The Evolution of Freshman Orientation

Back to Article
Back to Article

The Evolution of Freshman Orientation

Julia Feit '22 and Jordan Sebag '22

Hang on for a minute...we're trying to find some more stories you might like.


Email This Story






Every year, a group of awkward, excited, and nervous students begin its first day at Ramaz with freshman orientation. Unfamiliar with the Upper School and the many new students in their grade, freshmen begin to bond and adjust to Ramaz during their orientation. The program acclimates them to their high school surroundings and gives the students a preview of how the school functions. In the past few years, freshman orientation has developed and evolved into a more effective and accommodating program. Originally planned as a one-day orientation jam-packed with social bonding and academic preparation, the program has now expanded to two days. This modification alleviates the stress on freshmen and allows them to adjust before the older grades arrive back in school. 

Around six years ago, Ms. Benel was in charge of organizing all special programs, including Shabbatonim, the retreat, and freshman orientation. The orientation began with freshmen being bused to Asphalt Green fitness center from the high school. At Asphalt Green, the students participated in bonding activities, split by gender. Following the team building activities, freshmen divided into advisory groups for a relaxed lunch at the picnic tables. Students had the opportunity to meet their advisory groups in an informal setting and share their summer experiences. After lunch, the whole grade convened for a final communal activity that unified the grade. 

The freshman spent an intense second half of the day at school learning the academic details that are currently taught to the freshmen on the second day of orientation. They then had an afternoon-long advisory meeting in which the faculty went through Preludes and taught the students about the school, including dress-code policies, rotating schedules, school programs, and their locker combinations. In order to obtain their school books, the students had to go to the gym, where they received a list of books to collect and carry to their lockers. The next day, the students jumped right into a normal school day—not such a smooth transition for students experiencing high school for the first time.

When Ramaz switched to a two-day orientation schedule, the programming was redistributed to be less dense. Dr. Aharon explained, “We decided not to go to Asphalt Green anymore and to just stay in the neighborhood. One year when Rosh Hashanah was late and the school wasn’t in such a hurry to get classes started, we decided to try out the two-day program. The administration tried to think about the necessary changes so that freshmen were ready for school. We were worried about both the social and academic components and realized that combining them sends freshmen mixed signals. It’s like we are saying, ‘we want you to just be happy here and make friends—but go to work!’ That’s when the administration decided to make one day completely social—no books, no lockers. The second day would be solely academic, teaching students all of the tools necessary to be a freshman.”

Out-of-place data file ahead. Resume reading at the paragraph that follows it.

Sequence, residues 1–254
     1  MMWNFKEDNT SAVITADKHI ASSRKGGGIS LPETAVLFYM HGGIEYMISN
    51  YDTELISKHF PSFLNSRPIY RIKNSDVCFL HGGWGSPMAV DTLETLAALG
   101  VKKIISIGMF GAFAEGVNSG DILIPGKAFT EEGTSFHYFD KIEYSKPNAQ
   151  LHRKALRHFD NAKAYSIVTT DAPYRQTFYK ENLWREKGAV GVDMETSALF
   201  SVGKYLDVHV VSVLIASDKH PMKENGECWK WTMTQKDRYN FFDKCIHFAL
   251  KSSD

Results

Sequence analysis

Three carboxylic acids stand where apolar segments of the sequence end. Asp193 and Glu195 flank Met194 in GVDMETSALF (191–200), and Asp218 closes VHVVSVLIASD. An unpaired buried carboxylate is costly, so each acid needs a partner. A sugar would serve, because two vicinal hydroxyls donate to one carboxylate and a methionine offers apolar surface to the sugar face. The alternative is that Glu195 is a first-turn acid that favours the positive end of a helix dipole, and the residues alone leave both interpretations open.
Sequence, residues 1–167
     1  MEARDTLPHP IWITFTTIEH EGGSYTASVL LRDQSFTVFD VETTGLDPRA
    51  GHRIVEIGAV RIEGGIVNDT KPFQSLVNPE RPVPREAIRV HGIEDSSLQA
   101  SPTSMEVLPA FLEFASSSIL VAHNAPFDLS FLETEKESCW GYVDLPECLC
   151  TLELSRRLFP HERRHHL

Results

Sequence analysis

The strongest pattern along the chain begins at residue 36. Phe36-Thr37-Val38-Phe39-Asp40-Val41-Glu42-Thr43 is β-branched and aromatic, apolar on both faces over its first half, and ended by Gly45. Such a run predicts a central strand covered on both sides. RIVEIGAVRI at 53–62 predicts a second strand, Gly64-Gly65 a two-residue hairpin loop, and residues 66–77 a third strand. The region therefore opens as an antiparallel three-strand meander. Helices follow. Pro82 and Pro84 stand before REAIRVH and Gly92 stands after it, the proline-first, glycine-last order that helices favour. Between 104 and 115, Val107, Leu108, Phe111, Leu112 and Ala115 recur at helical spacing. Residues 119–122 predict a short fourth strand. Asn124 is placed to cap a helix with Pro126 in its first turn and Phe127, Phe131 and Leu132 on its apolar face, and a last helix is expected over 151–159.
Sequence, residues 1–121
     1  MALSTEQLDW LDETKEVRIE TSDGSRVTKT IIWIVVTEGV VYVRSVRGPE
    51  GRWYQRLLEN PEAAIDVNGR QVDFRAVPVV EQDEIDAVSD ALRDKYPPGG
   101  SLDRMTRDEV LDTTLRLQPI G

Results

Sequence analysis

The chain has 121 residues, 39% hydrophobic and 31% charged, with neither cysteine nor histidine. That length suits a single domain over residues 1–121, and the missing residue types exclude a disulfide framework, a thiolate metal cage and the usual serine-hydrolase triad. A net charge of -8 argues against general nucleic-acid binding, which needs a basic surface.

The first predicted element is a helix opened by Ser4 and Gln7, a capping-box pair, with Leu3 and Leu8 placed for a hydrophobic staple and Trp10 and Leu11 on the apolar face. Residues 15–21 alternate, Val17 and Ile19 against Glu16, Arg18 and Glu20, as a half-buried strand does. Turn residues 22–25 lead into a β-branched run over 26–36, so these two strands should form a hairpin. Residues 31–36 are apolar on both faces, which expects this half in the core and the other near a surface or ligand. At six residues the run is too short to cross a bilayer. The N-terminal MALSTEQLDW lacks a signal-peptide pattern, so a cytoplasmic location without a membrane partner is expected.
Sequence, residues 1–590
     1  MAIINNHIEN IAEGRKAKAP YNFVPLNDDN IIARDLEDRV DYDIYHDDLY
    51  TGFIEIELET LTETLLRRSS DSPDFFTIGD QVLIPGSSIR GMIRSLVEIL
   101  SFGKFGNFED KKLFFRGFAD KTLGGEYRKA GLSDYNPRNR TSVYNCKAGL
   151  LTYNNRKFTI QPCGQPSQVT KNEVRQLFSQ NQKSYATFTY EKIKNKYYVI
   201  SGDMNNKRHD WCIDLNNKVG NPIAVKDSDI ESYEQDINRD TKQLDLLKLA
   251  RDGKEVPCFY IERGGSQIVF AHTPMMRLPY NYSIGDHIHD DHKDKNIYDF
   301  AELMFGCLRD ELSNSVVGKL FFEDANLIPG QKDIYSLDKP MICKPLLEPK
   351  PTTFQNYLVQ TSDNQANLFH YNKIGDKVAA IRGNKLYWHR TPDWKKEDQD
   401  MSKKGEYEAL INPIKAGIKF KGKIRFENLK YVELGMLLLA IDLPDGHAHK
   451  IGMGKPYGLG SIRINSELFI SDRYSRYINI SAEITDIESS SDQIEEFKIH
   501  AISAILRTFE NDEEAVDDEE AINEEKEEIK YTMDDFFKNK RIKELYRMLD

The current freshmen orientation includes a variety of new programs and activities. Recent additions, such as the senior advisory system, are intended to help the freshmen more easily adjust to high school and allow them to solicit advice from upperclassmen who are very familiar with the school. Throughout the past four years, the senior advisory program has included a phone call to the freshman before orientation and bonding activities between seniors and freshmen at orientation. Avery Sholes ‘20, co-head senior advisor, compared his experience as a freshman on orientation to his role this year. “I experienced the senior advisors to be judgment-free peers, there to answer any questions or assist any need. This year, I was a senior, and I wanted to emulate the same vibe that those seniors gave off. I was able to oversee all of the events that went behind making the high school transition a smooth one. It was fun to play a role in the organization of the orientation, rather than just being a participant.” The senior advisory program benefits freshmen by informing them of the school’s expectations and introducing them to students who were recently freshmen at Ramaz. Although the program only formally lasts through orientation, the senior advisors and their freshman buddies often stay in touch and seniors continue to guide the freshmen throughout the year.

On the first day of orientation, freshmen meet their grade and hear from Dr. Aharon. The scavenger hunt, led by Dr. Aharon and the senior advisors, was intended to give freshmen a tour of the school and help familiarize them with the Upper East Side. On the second day of orientation, students split into advisory groups where they receive their lockers, textbooks, schedules, and online accounts. In the afternoon, students follow the simulated “R” day schedule they will experience their next day, the first day of school. The school day simulation allows freshmen to meet their teachers, see their classes, and understand the way a typical school day functions; it alleviates some of the stress that freshmen feel the following day and allows them to feel comfortable when classes begin.

The evolution of freshman orientation demonstrates the improvements that Ramaz has implemented over the last few years striving to create a more welcoming environment for students.

Print Friendly, PDF & Email